Getting creative with light pollution at night
It seems that unless I drive at least an hour away from where I live the bright city lights of home will have an effect on anything that I photograph at night.
I’ve been sitting on this photo of Brush Hills Church for a week. I make many edits of what I photograph. In camera when I get home. Maybe in camera the next day, deleting more and more until finally the images I consider workable go onto my computer. Even then I will cull out a few more photos that I think will never see the light of day. What I am left with are images that I think have potential to either print or submit for stock.
You can’t do much with the composition of an image once you take it other than cropping. If that isn’t right that photo will never be used. However, the light or colors aren’t always how I would like them and THAT is something that I can try to change.
The problem with the church at the top is that there are two different light sources or colors illuminating different parts of the scene. My headlamp lightly lit the face of the church. It’s color is closer to daylight or blue. The bright city lights of Vegreville are behind the church. The camera sees the lights as orange.
If there were only one light source I could go into my RAW converter or if you don’t have one in Photoshop and change the color temperature until the sky looked more natural, ie, blue/black like below.
You can see what happens when I pull the slider down to correct for the tungsten light. The sky looks natural but that old church is suffering from the blues. To my eye that doesn’t work.
I like the color of the church closer to neutral, ie, without a color cast and appearing white. If I correct for the sky the church looks wrong. Correcting for the church gives me an unnatural looking red/orange.
Let’s stop here for a moment and talk about night skies. Our brain does many things without us being aware of. One of those things is trying to make everything look like it might during the middle of the day. An example of this is to sit in your living room during the night with the coffee table lamps on. To look around the room everything looks the right color. Now grab your camera and take a quick shot and look at the preview on the back. If you haven’t fiddled with the color balance settings your camera will display the room and everything in it as orange/red.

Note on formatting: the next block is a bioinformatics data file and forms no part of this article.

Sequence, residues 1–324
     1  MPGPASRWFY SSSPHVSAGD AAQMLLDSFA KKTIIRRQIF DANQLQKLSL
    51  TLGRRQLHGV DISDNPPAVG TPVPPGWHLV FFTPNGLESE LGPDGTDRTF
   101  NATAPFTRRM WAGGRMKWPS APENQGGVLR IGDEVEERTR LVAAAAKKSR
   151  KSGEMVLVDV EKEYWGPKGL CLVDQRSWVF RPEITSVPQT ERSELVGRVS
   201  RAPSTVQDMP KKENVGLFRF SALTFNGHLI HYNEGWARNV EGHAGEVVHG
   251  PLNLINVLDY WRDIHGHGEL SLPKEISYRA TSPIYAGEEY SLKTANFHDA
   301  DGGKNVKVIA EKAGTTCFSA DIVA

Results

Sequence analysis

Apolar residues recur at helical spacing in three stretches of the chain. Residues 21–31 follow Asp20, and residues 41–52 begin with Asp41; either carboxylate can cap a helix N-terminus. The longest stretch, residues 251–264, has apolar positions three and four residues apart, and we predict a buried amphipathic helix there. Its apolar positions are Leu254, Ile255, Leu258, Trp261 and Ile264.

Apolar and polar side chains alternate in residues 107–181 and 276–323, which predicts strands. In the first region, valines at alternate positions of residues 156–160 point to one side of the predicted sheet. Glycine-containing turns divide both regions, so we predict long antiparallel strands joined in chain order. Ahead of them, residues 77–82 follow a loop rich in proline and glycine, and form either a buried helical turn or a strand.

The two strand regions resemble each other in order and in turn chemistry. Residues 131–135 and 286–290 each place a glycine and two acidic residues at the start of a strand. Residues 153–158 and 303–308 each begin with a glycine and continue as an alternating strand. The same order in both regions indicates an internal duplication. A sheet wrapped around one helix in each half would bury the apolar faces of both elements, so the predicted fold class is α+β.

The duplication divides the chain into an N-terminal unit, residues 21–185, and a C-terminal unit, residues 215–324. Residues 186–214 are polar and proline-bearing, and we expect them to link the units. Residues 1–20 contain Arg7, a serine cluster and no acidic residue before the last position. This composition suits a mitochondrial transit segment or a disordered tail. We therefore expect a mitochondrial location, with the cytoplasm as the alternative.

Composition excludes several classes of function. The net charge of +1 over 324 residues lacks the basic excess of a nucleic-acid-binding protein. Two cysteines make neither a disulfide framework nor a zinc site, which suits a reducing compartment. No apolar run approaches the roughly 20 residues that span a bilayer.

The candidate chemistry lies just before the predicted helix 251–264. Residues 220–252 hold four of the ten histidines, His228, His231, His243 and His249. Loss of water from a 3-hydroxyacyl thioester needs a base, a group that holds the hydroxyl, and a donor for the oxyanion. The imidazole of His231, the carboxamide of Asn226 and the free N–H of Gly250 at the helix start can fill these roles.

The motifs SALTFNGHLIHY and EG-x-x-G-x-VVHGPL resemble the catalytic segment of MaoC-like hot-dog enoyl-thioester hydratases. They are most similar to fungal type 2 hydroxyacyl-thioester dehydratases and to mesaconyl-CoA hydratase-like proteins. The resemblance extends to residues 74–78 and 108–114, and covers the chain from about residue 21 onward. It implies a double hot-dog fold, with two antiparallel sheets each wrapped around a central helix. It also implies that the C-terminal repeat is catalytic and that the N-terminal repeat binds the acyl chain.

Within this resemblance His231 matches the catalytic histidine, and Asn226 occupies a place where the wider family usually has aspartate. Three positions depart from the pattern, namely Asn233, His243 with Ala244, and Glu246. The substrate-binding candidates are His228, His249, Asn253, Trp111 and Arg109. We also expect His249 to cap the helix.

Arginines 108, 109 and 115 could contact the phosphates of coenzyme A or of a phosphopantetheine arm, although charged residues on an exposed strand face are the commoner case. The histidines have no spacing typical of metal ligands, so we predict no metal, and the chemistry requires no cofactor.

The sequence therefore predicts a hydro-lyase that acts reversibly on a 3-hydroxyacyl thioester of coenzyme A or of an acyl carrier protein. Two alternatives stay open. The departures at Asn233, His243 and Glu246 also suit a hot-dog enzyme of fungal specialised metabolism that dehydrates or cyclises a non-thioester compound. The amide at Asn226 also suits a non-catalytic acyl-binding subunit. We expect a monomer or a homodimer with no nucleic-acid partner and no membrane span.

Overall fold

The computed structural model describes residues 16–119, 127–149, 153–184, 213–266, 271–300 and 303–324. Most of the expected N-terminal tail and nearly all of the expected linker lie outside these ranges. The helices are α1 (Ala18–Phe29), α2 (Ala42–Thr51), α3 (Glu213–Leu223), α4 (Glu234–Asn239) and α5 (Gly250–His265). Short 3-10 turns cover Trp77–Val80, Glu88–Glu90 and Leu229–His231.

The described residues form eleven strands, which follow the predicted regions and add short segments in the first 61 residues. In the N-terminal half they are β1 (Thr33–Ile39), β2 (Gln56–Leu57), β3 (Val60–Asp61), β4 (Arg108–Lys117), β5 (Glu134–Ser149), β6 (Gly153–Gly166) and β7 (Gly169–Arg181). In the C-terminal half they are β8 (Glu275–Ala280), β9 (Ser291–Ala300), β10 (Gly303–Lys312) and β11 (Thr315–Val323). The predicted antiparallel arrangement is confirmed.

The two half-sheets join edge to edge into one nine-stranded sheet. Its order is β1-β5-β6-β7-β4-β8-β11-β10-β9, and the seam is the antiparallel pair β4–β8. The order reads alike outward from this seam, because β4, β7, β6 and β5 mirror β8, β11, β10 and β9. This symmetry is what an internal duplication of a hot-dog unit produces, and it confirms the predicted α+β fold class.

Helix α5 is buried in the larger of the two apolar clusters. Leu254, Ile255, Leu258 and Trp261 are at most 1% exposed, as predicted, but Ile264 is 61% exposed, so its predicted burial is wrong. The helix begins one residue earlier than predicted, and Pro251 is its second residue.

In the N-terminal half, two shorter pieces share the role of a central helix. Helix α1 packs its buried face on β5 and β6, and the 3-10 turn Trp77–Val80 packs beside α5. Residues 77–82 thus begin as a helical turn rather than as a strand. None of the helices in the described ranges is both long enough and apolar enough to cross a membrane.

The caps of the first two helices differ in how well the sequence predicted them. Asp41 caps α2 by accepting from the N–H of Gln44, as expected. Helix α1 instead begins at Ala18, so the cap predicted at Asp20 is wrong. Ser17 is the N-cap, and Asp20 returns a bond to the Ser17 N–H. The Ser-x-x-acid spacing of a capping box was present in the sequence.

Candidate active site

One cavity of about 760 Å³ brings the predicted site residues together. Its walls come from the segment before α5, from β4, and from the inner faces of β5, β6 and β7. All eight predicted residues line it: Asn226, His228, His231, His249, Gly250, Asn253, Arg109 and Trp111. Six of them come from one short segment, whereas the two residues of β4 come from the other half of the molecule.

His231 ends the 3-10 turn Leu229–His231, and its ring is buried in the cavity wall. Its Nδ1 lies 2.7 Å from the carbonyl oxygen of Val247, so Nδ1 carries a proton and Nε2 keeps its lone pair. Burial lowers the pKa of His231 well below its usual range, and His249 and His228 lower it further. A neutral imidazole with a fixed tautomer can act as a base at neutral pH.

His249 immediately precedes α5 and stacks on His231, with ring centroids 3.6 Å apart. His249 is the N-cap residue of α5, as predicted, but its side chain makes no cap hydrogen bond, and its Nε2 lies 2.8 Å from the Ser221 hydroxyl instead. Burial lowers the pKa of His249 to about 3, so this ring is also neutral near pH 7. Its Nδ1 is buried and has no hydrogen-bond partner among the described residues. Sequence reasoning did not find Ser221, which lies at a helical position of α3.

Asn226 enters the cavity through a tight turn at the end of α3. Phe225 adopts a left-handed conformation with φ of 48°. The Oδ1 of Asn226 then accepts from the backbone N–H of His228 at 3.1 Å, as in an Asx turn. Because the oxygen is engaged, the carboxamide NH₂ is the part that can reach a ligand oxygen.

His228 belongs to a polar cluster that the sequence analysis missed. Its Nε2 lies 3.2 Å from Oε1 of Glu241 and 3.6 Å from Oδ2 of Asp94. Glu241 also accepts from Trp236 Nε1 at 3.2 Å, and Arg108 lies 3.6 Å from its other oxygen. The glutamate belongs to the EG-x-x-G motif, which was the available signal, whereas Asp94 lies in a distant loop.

That is what happens with the night sky. All of the pretty milky way photos that you see where the dark areas are a rich blue and black have been manipulated in Photoshop or some other editing program. When you first take night photos and come home and view the results don’t be disappointed when you see a brownish colored sky. That’s normal.
Back to the photo. The solution here is an easy and obvious one. I process the RAW image twice. The first time I will pull the color temperature slider down to make the sky more appealing. This image is processed and saved.
I open my RAW converter or do the same in Photoshop and using the same color slider pull it to the right until I see the color of the church appearing more normal, not red, not blue but neutral. This is processed and saved. I now have two different color versions of the same photo.
Opening both images in Photoshop I paste the nicely colored sky photo on top of the other version. I now have two layers in Photoshop. Clicking on the top layer I add a layer mask to it. What that does is simple and extremely useful. I can paint on the layer mask in black or white. When using a brush with black on the mask painting reveals the bottom image. If I reveal too much I click on the white color when using a brush and painting with that will bring back the top image. I paint in black or white but I don’t paint with the brush set at 100% opacity. Doing that will give remove everything or give you hard lines where you didn’t paint so I set the opacity to a lower value. You have to experiment with this setting. If you have a brush set to something like 3% you have great control over how much or little is revealed. Also very important is that your brush is set to a soft feather so that when you paint you don’t have a hard, defined edge.
I continue to paint in the mask layer until I have completely revealed the church below which is the color that I want. Once finished the layers are collapsed or flattened and I’m done.
Of course the best thing is to be using a light source that matches the sky. If only I had known but this is part of the learning curve for me. Seven dollars later I have a gel to put in front of my headlamp that changes the color of the lamp to tungsten. If I had done this I would have only needed to use the color slider once and have been done.
No mysteries here. Sometimes photography is like sleight of hand or magic. If you don’t know how something is done it can seem like magic. Once you understand what’s going on you can become more creative.